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Home>Levelset Community>Legal Help>If my project was on a casino property by a leased tenant do I file the lien to the property owner..?

If my project was on a casino property by a leased tenant do I file the lien to the property owner..?

NevadaRight to Lien

Consulted with a new nightclub at the Rio casino Las Vegas and myself and all of my subcontractors have not been paid. Final invoice was delivered oct 27.

1 reply

Nov 16, 2018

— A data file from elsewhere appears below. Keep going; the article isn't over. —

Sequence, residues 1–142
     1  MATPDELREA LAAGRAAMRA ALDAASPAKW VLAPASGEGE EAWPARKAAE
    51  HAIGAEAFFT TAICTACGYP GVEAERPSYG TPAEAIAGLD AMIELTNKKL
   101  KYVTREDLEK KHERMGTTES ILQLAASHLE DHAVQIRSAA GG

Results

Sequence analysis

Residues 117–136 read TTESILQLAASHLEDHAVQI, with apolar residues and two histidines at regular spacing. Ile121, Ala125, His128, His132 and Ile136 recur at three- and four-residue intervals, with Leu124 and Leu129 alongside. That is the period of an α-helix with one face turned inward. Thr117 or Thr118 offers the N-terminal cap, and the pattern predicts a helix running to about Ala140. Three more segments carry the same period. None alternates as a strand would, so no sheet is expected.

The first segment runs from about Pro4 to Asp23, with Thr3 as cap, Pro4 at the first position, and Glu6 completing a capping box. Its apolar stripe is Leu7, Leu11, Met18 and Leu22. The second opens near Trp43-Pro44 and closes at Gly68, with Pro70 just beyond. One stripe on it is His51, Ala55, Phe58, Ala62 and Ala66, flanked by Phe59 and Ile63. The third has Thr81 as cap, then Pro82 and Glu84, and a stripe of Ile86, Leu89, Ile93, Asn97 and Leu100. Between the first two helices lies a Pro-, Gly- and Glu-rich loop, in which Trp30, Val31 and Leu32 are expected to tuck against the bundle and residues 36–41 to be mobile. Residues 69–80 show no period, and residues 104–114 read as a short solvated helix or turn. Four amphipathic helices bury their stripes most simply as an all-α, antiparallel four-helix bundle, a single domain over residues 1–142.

That's a good question. First, it's important to be sure that lien rights are an available option for the work that was performed. As a general matter, those who provide construction labor and materials to a work of improvement are entitled to mechanics lien rights. If labor and materials does not result in a permanent improvement to the property, then mechanics lien rights might not be available. Further, most typically, mechanics lien rights are available to general contractors, subcontractors, and suppliers who perform construction work or provide construction material - consulting often does not fall within the purview of mechanics lien rights. While Nevada is rather inclusive in granting lien rights, whether or not a consultant will have the right to lien will depend on the precise work performed. If a consultant didn't operate as an architect, contractor or construction manager, or did not otherwise have control over the improvement to the property, then lien rights may not be present. Regarding the issue of leased property, it's possible that work performed for a tenant could give rise to lien rights against the owner in Nevada. Specifically, under NRS § 108.234(1), improvements to the property are generally considered to have been performed at the instance of the owner. However, as set out by § 108.234(2), if the owner is disinterested in the improvement to the property and served Notice of Nonresponsibility regarding the improvement, the owner's interest in the property cannot be liened. Granted, there are a number of requirements that must be met in order for a Notice of Nonresponsibility to be effective - and many of them are hard to fulfill. If the requirements are not strictly adhered to, a filed Notice of Nonresponsibility could be ineffective to block potential lien claims. Finally, regarding timeframes, a Nevada mechanics lien may be filed within 90 days of the later of the following times: (1) the completion of the work; or (2) the last furnishing of labor or materials by the lien claimant. Note, though, that this timeframe may be shortened if a Notice of Completion is filed on the project (shortening the deadline to file a lien to only 40 days from the filing of that notice). Lastly, before a mechanics lien may be filed, there are some notice requirements a claimant may need to abide by. You can learn more about those requirements at the zlien Nevada Lien and Notice FAQs.
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